The United States The State Department’s Post-Cold War Status

  • Maurice A. East
  • C. Edward Dillery
Part of the Studies in Diplomacy book series

Abstract

Foreign ministries throughout the world are faced with a variety of challenges and proposals for change and adaptation. The challenges include changes taking place in both international and internal factors that affect foreign policymaking in general. However, only a brief overview of the dynamic of international systemic and relational factors will be noted here. Rather, the emphasis is more on the internal and domestic factors that contribute to change in foreign policymaking.

Keywords

Migration Europe Shipping Assure Expense 

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Notes

  1. 3.
    C. Kegley and E. Wittkopf, American foreign policy: pattern and process, 5th edn (New York: St. Martin’s Press, 1996), p. 343.Google Scholar
  2. 10.
    Lawrence S. Eagleburger and Robert L. Barry, ‘Dollars and sense diplomacy: a better foreign policy for less money’, Foreign Affairs 75: 4, July/August 1996, p. 3.CrossRefGoogle Scholar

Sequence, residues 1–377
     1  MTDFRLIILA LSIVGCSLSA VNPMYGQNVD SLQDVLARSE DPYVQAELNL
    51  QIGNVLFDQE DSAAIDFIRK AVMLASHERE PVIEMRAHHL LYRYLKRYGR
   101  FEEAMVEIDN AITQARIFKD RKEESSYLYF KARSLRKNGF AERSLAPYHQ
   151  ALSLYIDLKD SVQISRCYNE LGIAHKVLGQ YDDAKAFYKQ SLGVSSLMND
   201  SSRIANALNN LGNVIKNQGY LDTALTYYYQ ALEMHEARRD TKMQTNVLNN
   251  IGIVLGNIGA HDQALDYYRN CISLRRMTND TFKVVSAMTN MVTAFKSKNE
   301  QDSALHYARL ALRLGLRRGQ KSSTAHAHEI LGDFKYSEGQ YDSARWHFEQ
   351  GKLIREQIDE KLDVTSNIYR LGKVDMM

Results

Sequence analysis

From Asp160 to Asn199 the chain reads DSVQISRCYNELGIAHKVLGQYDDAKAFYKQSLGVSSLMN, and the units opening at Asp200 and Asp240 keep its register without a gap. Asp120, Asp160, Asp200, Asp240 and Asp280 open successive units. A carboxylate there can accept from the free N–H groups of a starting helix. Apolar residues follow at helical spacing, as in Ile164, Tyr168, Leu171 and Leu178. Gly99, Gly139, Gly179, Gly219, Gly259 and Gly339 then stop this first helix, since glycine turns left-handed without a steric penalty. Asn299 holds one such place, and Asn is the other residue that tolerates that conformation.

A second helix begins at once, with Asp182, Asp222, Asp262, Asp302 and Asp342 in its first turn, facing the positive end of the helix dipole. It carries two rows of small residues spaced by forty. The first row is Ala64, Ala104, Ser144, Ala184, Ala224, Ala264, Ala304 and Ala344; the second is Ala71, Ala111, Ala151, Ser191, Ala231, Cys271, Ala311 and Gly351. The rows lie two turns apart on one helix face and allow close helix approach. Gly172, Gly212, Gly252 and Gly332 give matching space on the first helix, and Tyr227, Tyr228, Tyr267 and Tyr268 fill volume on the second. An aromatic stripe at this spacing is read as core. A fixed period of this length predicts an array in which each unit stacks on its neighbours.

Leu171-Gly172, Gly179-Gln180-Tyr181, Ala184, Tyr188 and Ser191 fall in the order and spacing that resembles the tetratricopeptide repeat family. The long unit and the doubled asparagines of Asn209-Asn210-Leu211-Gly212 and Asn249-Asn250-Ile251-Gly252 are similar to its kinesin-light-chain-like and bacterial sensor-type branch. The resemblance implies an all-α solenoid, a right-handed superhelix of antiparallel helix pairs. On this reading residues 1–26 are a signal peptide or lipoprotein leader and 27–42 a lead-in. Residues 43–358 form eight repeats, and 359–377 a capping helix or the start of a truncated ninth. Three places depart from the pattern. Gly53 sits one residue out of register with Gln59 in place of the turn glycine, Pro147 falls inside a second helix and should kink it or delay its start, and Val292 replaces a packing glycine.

3. 11.
    Ellen C. Collier and Larry Q. Nowels, ‘New foreign policy organization and funding priorities’, Mediterranean Quarterly 7: 2, Spring 1996, p. 95.Google Scholar
  4. 14.
    See for example, Michael Mandelbaum, ‘Foreign policy as social work’, Foreign Affairs 75:1, January/February 1996, pp. 16–32.CrossRefGoogle Scholar
  5. 18.
    See I. Destler, L. Gelb, and A. Lake, Our own worst enemy: the unmaking of American foreign policy (Simon & Schuster, NY, 1984).Google Scholar

Copyright information

© Palgrave Macmillan, a division of Macmillan Publishers Limited 1999

Authors and Affiliations

  • Maurice A. East
  • C. Edward Dillery

There are no affiliations available

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